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The case studies in this research describe how two RSPO-certified palm oil companies structurally violate the labour rights of their workers. In both cases, workers are forced to work unpaid overtime in order to reach unrealistic production targets. Furthermore, these targets have motivated workers to bring their wives and children to work, thus giving rise to child labour. Other rights violations found in the field research included union busting, workers never receiving employment contracts, inadequate PPE provision and inadequate medical services. Thus, many workers’ rights violations were found that breach the RSPO standard, international law, Indonesian law, or all of the above.
This report provides a brief discussion of the implementation of the UN Guiding Principles on Business and Human Rights in Indonesia, in an attempt to showcase some of the pitfalls that hamper this process. Two of these are uncertainty over whether Indonesia has a monist or a dualist legal system, and organisational and political issues with developing the country’s National Action Plan. The lack of implementation and enforcement of the UNGPs in Indonesia are illustrated by the company case studies, and the company’s violations of rights enshrined in UN conventions, such as children’s right not to work.
Furthermore, the international standing and reputation of the Roundtable for Sustainable Palm Oil (RSPO) is discussed. Dutch companies that use palm oil in their products have joined the RSPO in an attempt to make their palm oil supply chains more sustainable and to ensure that the palm oil they buy has taken place free of labour rights violations and environmental degradation, among other criteria. NGO reports show that, at least on an incidental basis, the RSPO certifies palm oil produced by companies that commit exactly the types of human rights and environmental violations that motivated the creation of the RSPO.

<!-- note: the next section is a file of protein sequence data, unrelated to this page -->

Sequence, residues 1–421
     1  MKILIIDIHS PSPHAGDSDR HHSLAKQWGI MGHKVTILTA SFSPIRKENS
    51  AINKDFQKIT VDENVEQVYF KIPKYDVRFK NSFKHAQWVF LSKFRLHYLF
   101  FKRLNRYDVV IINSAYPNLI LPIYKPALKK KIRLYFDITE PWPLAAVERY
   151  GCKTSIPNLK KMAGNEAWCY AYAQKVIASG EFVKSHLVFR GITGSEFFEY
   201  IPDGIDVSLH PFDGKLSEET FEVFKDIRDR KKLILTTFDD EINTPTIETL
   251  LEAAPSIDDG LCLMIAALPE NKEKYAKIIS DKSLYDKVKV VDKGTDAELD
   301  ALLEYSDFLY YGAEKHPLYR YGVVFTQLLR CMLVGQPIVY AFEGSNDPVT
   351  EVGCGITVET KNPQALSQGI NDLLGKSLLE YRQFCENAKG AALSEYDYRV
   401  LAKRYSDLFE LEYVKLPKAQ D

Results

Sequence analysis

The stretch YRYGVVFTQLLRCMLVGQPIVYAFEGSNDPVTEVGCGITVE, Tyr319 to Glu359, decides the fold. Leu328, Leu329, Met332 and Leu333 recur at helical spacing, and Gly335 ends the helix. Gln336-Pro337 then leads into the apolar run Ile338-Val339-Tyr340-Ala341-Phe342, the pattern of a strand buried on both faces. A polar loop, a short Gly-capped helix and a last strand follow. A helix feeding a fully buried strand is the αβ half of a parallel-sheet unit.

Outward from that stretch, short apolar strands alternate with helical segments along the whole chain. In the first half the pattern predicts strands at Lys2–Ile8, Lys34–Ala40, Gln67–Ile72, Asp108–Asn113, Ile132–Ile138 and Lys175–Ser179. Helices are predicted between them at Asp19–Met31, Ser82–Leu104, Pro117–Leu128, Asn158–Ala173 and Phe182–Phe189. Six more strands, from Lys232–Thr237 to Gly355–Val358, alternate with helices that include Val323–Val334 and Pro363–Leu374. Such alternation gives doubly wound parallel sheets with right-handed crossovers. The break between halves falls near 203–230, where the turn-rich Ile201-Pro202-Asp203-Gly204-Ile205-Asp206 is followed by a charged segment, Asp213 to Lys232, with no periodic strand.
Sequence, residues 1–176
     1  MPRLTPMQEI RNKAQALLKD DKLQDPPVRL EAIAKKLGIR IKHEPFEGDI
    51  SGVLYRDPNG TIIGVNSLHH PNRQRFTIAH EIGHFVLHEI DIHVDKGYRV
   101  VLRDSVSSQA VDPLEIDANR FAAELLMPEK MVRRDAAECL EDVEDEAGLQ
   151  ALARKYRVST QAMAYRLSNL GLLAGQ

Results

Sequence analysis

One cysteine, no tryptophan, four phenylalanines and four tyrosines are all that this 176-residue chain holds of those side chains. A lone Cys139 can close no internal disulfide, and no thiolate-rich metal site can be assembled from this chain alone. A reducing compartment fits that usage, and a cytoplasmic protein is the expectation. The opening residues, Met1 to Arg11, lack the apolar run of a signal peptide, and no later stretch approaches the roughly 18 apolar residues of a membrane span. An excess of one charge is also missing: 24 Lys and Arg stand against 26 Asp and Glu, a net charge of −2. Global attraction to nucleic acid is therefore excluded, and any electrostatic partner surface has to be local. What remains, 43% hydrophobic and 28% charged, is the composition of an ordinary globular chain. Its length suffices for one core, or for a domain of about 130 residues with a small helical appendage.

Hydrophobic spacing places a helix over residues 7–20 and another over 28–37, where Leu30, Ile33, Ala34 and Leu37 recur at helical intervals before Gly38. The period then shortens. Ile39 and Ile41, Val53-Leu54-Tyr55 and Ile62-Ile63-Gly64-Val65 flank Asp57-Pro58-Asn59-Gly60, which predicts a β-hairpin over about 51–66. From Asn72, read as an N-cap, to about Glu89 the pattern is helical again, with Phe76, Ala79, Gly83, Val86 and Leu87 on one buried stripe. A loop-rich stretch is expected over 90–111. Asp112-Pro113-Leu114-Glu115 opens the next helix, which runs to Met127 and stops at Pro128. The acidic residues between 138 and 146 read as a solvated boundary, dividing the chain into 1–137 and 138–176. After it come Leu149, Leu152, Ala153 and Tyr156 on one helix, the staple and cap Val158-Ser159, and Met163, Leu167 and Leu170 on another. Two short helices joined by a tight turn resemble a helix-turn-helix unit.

Although further research would be needed to underwrite such a sweeping statement about the RSPO, the case studies presented in this report show that RSPO certification is not necessarily an assurance of sustainable palm production, and thus give cause for scepticism towards the initiative. Companies should therefore not depend solely on certification, but should undertake their own supply chain due diligence to ensure their business partners do not commit labour and human rights violations, so that they can safeguard their own compliance with the UNGPs.
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This is a study of Social Dialogue in developing countries. It was commissioned by the Norwegian Agency for Development Cooperation (Norad) on behalf of the Royal Norwegian Ministry of Foreign Affairs (MFA) in November 2010. It was prepared by Michael Fergus, partner in Nordic Consulting Group AS. The purpose of the study is to map experience with dialogues on socio‐economic issues between government and organisations in productive sectors, and possibly civil society organisations, in selected developing countries. In countries where a system of social dialogue has been established the study also assesses whether the experience is of interest for other countries to learn from. Norway may then consider supporting some form of interaction between countries in the South. It is not the purpose of the study to try to assess whether the Norwegian model of social dialogue can be copied into different political systems and cultures.